Inspired by a robust entrepreneurial spirit and a results-orientated culture Miradi Consultants has grown from strength to strength over the last decade to its current stature.
Growing from a simple consultancy firm over the course of the first decade of business, Miradi Consultants quickly progressed into a substantial diversified business looking to take advantage of Kenya’s booming construction industry particularly in commercial, residential and hospitality sectors.
QS Alfred Aluvaala has been the principal quantity surveyor at the firm and says that quantity surveyors play a major role in the construction industry and that anyone ignoring their services is likely to face a myriad of challenges.
“It is like groping in the dark says Aluvaala. “Quantity surveyors perform several tasks on behalf of a client to help him make better choices.”
One of the most important tasks that quantity surveyors do is ascertain the probable cost of a project as well as advice developers on the best contractors to work with. Quantity surveyors also advice on the type of contract a developer should enter with a contractor.
“In a nutshell our job entails supervision of a project from initial stage to completion. At the completion of a project we give a client a document called final account. This document is similar to the bill of quantities however it is more detailed,” explains Aluvaala adding that they also undertake forensic audits and feasibility studies on projects.
Leveraging its decades of experience, Miradi Consultants continue to deliver bespoke projects with clients at the core of their business. Some of the projects under their belt include The Kenya National Library in Nakuru,Residential apartments in Ruaka and the Africa Evangelical Centre for Africa Evangelical Association. Miradi consultants has also worked on a number of projects for banks for instance Kenya Commercial Bank,Barclays Bank Central Bank and co-0perative Bank. The QS firm has also worked with churches and a number individual projects.
In a nutshell our job entails supervision of a project from initial stage to completion. At the completion of a project we give a client a document called final account. This document is similar to the bill of quantities however it is more detailed
Yet, the Company’s market advantage and differentiators derive from far more than simply volume.
“I think it comes down to a number of things,” says Aluvaala. “Foremost our clients, the relationships we have with them, and our understanding of them; knowledge built up in our business over the years; and the way we harness and manage that knowledge to their best advantage.“Secondly, we are very focused on what we know we do well. This is also aided by our independence and our partnership model. It is the people in the business who own it, so we’re not making decisions to keep shareholders happy at the expense of our clients.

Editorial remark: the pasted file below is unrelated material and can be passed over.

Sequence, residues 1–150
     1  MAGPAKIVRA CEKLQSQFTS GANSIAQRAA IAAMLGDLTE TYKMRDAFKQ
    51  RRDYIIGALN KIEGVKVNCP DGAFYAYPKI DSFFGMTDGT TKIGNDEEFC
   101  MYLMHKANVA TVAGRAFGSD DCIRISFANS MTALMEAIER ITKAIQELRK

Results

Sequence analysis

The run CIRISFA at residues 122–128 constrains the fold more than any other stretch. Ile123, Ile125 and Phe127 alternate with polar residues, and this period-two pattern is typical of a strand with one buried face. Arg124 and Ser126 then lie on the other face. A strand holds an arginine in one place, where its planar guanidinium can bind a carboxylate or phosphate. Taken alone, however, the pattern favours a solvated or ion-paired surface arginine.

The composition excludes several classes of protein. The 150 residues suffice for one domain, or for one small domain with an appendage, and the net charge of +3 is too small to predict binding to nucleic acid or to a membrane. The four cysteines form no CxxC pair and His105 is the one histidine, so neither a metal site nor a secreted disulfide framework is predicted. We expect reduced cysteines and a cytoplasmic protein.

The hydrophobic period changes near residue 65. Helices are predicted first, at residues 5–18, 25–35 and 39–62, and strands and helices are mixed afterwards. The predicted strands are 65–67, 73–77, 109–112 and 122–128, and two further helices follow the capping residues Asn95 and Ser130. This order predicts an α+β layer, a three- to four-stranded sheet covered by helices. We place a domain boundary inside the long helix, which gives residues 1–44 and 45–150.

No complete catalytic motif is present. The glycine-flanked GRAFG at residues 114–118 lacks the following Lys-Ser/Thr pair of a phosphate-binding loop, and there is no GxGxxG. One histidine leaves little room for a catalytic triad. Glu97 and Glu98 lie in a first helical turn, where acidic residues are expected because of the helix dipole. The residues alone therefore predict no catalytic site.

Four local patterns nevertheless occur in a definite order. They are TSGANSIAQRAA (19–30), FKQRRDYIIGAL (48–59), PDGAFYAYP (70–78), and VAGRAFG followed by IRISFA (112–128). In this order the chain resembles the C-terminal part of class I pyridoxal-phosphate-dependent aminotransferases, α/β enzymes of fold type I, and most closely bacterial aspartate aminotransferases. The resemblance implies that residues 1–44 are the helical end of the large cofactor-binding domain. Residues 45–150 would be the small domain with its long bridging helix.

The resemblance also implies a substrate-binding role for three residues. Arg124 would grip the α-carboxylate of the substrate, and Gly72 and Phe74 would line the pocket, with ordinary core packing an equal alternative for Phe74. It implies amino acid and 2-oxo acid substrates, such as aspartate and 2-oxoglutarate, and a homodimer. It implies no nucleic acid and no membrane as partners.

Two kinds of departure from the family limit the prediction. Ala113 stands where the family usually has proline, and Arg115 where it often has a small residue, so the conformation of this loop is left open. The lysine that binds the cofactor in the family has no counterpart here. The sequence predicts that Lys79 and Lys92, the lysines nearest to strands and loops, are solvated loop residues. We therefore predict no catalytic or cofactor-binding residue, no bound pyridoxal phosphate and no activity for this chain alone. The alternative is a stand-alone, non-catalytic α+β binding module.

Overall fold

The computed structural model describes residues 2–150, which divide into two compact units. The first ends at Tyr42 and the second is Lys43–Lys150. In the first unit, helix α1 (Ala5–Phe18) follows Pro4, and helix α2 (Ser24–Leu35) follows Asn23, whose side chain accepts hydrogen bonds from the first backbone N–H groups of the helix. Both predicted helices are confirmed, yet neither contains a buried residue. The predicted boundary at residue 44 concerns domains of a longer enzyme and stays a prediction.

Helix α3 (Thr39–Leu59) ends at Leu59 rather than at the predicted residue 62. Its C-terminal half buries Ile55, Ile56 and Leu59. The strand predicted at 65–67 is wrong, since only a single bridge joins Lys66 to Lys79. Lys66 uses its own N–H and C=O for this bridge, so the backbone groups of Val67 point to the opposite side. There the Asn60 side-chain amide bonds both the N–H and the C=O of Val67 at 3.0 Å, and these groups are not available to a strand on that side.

“We have also adopted the use of best-in-breed technology system and up to date trainings to stay ahead in the market,” he asserts. Again people are able to identify with us considering that our name-Miradi-is a Swahili name for projects.
“The final facet is quality. The reason why we have so much repeat business and so many strong client relationships is that we are noted for the quality and consistency we deliver.”
By focusing on the high quality of its services and delivery model, Miradi Consultants is now in the best position ever to develop a leading reputation in the field. According to Aluvaala, improvement and innovation is what makes them tick. “Every day we listen and look around to see what could be faster or better. Sometimes it is just about making a small step, which saves us a couple of seconds of time.”
Yet the quantity surveying isn’t devoid of challenges. Sometimes clients think that the cost given is exaggerated while others opt to ignore the services of QS.
While the construction industry has been booming for a couple of years, presently few mega projects are being commissions and these means that as quantity surveyors we have few jobs.
“We see huge opportunity and potential in Kenya and are excited about what we will see over the next five years. We understand the market trends having been in operation for 22 years now. Markets will rise and fall but we are here to stay.”
Our experience and able staff continue to give us competitive edge when sourcing for jobs. So we will be seeking to leverage this. Regarding projects, we will definitely going for bigger projects but that does not mean that we will ignore small projects as these are vital to keep our business afloat. We will also be banking on our ethics and virtues to thrive.” Aluvaala ends.